Products with Quick Charge 2.0 can charge up to 75 percent faster than products without the technology. While Quick Charge 1.0 technology, with about 10 watts of power, was designed primarily for smartphones and tablets, Quick Charge 2.0 delivers up to 60 watts, not only improving charge times for smartphones and tablets, but adding support for larger mobile computing devices like slim notebooks.

"With insatiable consumer usage of their devices, faster charging is more important than ever to bring enhanced convenience to the mobile experience," said Kazuaki Terunuma, Vice President and Managing Director of Communication Device Development Department, NTT DOCOMO, INC. "DOCOMO expects the promise of true fast charging can finally be realized with the introduction of Quick Charge 2.0 into commercial devices and a supporting ecosystem."

Due to an increase in the number of ways OEMs can take advantage of the Quick Charge 2.0 technology, the Quick Charge 2.0 ecosystem continues to expand rapidly. The technology provides benefits to OEMs and consumers alike, with OEMs now being able take advantage of the latest Qualcomm® Snapdragon™ 800, 600 and 400 processors supporting Quick Charge 2.0. The technology resides in both the device (offered as a standalone IC solution or as part of the PMIC power management integrated circuit of the processor) and in the AC/DC wall charger, so there is no change in the way consumers charge their devices.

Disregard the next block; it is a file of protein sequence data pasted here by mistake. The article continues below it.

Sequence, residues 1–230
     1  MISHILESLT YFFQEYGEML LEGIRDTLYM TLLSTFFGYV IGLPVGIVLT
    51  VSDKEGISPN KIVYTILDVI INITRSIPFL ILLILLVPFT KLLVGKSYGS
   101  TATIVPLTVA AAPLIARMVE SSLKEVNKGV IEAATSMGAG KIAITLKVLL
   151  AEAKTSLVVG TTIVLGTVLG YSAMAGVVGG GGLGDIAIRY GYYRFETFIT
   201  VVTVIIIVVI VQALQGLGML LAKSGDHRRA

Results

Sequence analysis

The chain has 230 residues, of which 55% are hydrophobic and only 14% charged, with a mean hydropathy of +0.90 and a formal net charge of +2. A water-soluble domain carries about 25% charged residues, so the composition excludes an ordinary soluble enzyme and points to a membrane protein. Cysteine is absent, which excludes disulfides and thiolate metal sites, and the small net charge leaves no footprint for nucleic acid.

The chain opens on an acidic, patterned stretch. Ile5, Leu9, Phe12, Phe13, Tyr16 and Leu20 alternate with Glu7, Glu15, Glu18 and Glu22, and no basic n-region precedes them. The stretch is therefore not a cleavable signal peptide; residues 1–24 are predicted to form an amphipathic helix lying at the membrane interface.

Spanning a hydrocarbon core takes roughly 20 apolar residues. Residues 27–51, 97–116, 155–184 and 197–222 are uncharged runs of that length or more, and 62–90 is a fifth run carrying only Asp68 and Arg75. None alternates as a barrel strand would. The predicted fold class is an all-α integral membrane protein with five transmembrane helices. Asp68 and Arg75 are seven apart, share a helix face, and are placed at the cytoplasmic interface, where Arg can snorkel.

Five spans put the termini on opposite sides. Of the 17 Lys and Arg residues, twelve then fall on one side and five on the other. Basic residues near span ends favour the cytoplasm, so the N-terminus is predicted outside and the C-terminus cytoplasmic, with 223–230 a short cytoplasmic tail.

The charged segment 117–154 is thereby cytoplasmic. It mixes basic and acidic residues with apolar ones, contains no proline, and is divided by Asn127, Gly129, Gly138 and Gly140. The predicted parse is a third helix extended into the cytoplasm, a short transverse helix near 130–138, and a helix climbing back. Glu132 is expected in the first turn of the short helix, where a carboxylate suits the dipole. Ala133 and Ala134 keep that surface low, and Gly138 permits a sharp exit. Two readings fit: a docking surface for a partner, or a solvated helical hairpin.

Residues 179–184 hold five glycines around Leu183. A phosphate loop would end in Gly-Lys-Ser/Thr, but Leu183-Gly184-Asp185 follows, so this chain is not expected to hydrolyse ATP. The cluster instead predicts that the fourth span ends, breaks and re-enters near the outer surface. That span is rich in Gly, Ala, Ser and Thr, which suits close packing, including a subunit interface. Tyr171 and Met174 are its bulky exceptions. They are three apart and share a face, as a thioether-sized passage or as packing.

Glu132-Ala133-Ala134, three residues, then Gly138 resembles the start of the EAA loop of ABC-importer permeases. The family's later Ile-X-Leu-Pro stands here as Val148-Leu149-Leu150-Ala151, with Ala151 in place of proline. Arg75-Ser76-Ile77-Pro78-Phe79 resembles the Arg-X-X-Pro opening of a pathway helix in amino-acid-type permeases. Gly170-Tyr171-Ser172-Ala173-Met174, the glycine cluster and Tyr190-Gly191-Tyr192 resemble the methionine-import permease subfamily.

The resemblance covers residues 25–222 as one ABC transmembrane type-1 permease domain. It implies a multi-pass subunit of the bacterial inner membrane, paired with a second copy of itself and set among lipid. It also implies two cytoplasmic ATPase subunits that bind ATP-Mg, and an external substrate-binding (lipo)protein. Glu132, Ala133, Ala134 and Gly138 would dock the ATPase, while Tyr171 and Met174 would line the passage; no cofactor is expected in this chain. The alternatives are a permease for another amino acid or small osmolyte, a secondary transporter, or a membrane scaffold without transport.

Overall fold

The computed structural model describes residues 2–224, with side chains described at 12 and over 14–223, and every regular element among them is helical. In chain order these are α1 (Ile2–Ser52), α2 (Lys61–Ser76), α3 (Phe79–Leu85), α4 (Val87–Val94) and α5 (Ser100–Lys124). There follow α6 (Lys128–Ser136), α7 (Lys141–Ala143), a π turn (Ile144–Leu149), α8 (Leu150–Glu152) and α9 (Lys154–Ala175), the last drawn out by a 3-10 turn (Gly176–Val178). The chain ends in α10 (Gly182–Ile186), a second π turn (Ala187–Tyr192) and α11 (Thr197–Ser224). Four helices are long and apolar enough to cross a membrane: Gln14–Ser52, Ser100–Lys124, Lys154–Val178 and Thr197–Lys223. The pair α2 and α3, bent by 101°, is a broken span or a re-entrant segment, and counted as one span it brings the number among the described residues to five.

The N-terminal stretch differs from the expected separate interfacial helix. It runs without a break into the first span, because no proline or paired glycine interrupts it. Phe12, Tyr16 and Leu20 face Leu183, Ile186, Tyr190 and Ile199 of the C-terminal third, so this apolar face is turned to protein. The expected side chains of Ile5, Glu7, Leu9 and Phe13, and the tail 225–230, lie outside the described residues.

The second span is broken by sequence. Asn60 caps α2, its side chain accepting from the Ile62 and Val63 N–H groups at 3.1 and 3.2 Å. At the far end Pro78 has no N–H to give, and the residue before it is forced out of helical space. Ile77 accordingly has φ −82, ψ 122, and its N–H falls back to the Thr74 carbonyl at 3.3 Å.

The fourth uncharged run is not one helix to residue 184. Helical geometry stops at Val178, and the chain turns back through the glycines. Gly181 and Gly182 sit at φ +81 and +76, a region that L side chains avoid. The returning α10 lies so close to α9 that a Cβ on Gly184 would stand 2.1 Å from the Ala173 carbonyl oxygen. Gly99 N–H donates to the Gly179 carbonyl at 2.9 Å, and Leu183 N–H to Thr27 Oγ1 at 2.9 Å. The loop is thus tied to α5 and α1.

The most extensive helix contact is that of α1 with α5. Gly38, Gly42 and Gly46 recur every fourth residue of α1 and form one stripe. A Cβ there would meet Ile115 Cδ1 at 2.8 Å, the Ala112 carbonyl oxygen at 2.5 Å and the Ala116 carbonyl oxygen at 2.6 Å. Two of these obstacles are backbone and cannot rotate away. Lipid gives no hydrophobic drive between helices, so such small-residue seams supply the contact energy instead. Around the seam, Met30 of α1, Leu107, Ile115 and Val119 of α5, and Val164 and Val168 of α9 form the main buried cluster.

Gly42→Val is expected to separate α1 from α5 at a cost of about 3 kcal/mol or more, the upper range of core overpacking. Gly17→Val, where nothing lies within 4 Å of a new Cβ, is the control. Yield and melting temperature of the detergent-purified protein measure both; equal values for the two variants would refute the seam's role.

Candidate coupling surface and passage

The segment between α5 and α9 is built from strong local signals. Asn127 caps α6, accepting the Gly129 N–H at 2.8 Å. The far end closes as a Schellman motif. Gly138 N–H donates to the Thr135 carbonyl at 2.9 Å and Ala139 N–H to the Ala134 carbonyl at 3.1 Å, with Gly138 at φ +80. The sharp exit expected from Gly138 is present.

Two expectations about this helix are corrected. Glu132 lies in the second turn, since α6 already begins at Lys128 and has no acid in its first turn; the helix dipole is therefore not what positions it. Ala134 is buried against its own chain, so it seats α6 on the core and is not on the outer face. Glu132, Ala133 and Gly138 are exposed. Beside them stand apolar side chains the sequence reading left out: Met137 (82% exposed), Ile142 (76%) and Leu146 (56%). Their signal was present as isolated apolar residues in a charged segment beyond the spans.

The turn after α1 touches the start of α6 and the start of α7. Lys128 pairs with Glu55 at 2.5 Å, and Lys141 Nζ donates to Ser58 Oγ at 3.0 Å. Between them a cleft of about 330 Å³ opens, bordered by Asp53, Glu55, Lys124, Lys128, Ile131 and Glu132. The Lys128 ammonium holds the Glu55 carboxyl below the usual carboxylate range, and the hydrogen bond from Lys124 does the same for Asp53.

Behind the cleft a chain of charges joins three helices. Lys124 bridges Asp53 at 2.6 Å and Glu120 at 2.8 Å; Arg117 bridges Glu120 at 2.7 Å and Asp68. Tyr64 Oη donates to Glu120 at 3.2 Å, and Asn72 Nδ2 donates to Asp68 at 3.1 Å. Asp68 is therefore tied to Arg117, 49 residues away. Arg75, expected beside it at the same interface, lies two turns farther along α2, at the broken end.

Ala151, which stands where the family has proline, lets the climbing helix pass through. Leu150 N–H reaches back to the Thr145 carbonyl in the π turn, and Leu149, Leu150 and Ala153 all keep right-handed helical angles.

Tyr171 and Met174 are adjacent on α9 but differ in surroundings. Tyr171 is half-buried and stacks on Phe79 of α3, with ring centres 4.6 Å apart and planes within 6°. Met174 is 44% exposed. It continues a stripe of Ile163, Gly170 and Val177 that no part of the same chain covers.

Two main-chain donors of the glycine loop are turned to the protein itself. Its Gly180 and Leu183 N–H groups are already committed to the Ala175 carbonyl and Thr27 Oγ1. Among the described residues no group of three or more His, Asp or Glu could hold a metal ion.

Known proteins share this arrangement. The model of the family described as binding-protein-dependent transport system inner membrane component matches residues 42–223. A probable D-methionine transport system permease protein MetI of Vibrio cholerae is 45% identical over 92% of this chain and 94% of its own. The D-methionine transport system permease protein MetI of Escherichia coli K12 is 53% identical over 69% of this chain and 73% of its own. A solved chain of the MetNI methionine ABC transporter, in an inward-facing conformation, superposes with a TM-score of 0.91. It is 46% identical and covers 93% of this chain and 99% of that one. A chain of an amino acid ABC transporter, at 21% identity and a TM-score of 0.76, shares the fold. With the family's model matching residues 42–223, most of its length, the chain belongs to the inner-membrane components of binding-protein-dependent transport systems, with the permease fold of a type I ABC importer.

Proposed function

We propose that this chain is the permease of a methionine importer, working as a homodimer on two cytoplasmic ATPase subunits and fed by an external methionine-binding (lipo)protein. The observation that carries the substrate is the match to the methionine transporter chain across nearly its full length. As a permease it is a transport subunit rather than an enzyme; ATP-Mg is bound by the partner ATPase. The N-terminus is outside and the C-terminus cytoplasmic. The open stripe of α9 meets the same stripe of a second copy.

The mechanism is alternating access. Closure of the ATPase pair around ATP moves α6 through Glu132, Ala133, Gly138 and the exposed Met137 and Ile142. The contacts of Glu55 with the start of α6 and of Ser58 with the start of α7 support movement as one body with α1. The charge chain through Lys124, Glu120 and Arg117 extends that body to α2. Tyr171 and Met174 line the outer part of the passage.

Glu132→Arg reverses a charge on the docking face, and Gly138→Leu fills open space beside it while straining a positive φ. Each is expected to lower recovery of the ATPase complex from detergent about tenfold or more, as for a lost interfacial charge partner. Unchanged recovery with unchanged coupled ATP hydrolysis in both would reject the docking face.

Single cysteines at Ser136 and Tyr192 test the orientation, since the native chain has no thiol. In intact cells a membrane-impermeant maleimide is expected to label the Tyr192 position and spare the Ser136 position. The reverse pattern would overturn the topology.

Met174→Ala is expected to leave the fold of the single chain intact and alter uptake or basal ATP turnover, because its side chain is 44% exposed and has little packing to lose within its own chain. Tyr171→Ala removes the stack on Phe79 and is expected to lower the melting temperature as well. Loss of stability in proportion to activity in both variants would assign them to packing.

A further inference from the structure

Rich Edmonds
Senior Editor, PC Build

Rich Edmonds is Senior Editor of PC hardware at Windows Central, covering everything related to PC components and NAS. He's been involved in technology for more than a decade and knows a thing or two about the magic inside a PC chassis. You can follow him over on Twitter at @RichEdmonds.

  • which Nokia Lumia devices aleady support this?
  • I've not heard any but the 1520, Icon, and 930 all have an 801 Qualcomm chip so in theory they might st least?
  • AFAIK 1520 has 800 not 801
  • None of the Lumia phones have the 801. They are all running on the 800